Israel to start bidding to build 1 000 settler homes

Israel begins a bid to build 1000 settler homes. (AFP)

Israel begins a bid to build 1000 settler homes. (AFP)

"Tenders will be published" later in the day for 793 units in annexed east Jerusalem and 394 elsewhere in the West Bank, the ministry said in a statement, three days before the next round of talks. Housing Minister Uri Ariel from the far-right Jewish Home party, dismissed international criticism of settlement building on occupied Palestinian land as illegal and an obstacle to peace.

"No country in the world accepts diktats from other countries on where it is allowed to build or not," he said in the statement. "We shall continue to market apartments and build throughout the country." The statement confirmed that plots were to be offered in Har Homa and Gilo, both on east Jerusalem's southern outskirts and in Pisgat Zeev, on the city's northern edge.

Tenders would also be invited for homes in Ariel, in the northern West Bank, in Maaleh Adumim, east of Jerusalem, and in Efrata and Beitar Ilit, around Bethlehem it stated.
The US state department said last week that Israeli and Palestinian negotiators would resume talks in Jerusalem on Wednesday to end their long-standing conflict. They resumed direct negotiations in Washington last month ending a three-year hiatus after painstaking US mediation.

The last talks in 2010 broke down on the issue of settlement building. Palestinian negotiator Mohammed Shtayeh said the latest move was proof of Israel's intentions. "It is clear that the Israeli government is only interested in illegal settlement building, throwing away American and international efforts to resume negotiations," he said in a statement.

Lior Amihai, of settlement watchdog Peace Now, said that if negotiations collapsed to a background of Israeli settlement activity, the Jewish state could find itself in a worse situation than it was before talks. "We need to push and encourage the negotiations," he said. "It's a pity that the government chooses to place more obstacles in the way."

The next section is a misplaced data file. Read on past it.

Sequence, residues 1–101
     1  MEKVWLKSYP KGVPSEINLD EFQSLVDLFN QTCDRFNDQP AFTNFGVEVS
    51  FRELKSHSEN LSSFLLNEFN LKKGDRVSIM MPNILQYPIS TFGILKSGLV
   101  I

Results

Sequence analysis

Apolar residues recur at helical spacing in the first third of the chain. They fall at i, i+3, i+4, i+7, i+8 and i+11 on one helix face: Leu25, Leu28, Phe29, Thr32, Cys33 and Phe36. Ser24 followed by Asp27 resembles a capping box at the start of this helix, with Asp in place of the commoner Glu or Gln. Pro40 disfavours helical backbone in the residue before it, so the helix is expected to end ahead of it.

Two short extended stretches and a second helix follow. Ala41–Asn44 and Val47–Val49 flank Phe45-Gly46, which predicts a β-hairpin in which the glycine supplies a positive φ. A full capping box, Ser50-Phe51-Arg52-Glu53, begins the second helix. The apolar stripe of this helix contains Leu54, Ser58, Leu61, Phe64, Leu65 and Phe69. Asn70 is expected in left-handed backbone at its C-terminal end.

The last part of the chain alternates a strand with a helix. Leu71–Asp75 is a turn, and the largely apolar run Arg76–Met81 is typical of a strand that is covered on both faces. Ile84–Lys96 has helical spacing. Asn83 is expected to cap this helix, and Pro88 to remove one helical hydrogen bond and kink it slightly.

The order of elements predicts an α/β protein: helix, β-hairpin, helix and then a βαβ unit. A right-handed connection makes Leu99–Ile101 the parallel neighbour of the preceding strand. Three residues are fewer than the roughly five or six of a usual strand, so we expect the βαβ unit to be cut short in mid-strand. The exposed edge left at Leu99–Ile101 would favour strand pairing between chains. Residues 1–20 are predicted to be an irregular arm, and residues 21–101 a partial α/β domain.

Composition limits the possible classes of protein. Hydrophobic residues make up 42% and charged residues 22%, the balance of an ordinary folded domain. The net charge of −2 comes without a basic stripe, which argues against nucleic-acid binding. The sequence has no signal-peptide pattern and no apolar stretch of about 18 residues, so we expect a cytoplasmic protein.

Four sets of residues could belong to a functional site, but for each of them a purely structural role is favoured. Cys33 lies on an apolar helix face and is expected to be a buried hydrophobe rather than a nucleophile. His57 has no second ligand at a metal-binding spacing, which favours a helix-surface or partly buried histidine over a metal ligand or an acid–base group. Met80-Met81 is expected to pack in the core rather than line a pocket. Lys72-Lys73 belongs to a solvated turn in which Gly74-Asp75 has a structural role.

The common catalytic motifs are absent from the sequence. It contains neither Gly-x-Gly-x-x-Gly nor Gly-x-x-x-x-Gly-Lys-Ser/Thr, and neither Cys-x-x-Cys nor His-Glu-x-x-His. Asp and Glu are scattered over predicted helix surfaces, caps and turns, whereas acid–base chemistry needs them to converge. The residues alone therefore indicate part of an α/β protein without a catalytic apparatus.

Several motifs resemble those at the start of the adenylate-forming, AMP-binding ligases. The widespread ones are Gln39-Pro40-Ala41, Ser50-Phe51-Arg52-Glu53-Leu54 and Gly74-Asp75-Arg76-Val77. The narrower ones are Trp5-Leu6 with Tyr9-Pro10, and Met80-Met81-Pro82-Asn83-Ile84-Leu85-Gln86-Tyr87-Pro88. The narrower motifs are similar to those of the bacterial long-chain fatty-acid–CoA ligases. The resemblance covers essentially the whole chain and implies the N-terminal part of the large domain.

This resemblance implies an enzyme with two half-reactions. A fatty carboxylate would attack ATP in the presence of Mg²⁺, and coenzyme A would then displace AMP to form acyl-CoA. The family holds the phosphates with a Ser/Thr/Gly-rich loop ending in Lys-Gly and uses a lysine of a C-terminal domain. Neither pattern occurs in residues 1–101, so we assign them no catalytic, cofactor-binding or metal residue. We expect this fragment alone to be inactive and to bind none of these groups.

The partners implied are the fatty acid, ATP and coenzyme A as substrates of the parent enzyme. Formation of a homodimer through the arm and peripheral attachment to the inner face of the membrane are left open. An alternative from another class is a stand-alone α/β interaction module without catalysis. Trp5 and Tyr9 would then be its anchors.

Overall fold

Israeli's chief negotiator in the talks, Justice Minister Tzipi Livni, was to meet with defence minister Moshe Yaalon and science and technology minister Yaakov Peri, a former head of the Shin Bet security agency, later on Sunday to approve a first batch of 26 prisoners to be freed ahead of Wednesday's talks.

A total of 104 long-term Palestinian and Israeli Arab prisoners, in jail since before the 1993 Oslo peace accords, are to be freed in four stages, depending on progress in the talks.

Palestinian patience 'limited'
Palestinian chief negotiator Saeb Erekat said on Sunday Israel's plans for new homes in Jewish settlements on occupied land were aimed to scupper peace talks that resume on Wednesday. Speaking to Reuters at his office in the desert city of Jericho, near the border with Jordan, Erekat expressed optimism that renewed talks with Israel would continue, but warned that Palestinian patience with the settlements was limited.

"Those who do these things are determined to undermine the peace negotiations, are determined to force people like us to leave the negotiating table," he said in an interview conducted before the latest Israeli announcement on settlement plans. "If the Israeli government believes that every week they're going to cross a red line by settlement activity, if they go with this behaviour, what they're advertising is the unsustainability of the negotiations," he added.

Erekat said that despite the new settlement plans, the Palestinian side was willing to negotiate with their Israeli counterparts for the full period agreed upon with Washington. "We are determined to give this effort of six to nine months every chance it deserves ... it's time for the Israeli government to choose negotiations and show good faith," he said.  – AFP, Reuters 

Client Media Releases

Times Higher Education ranks NWU 5th in SA
UKZN confers honorary doctorate on former public protector
ContinuitySA's Willem Olivier scoops BCI award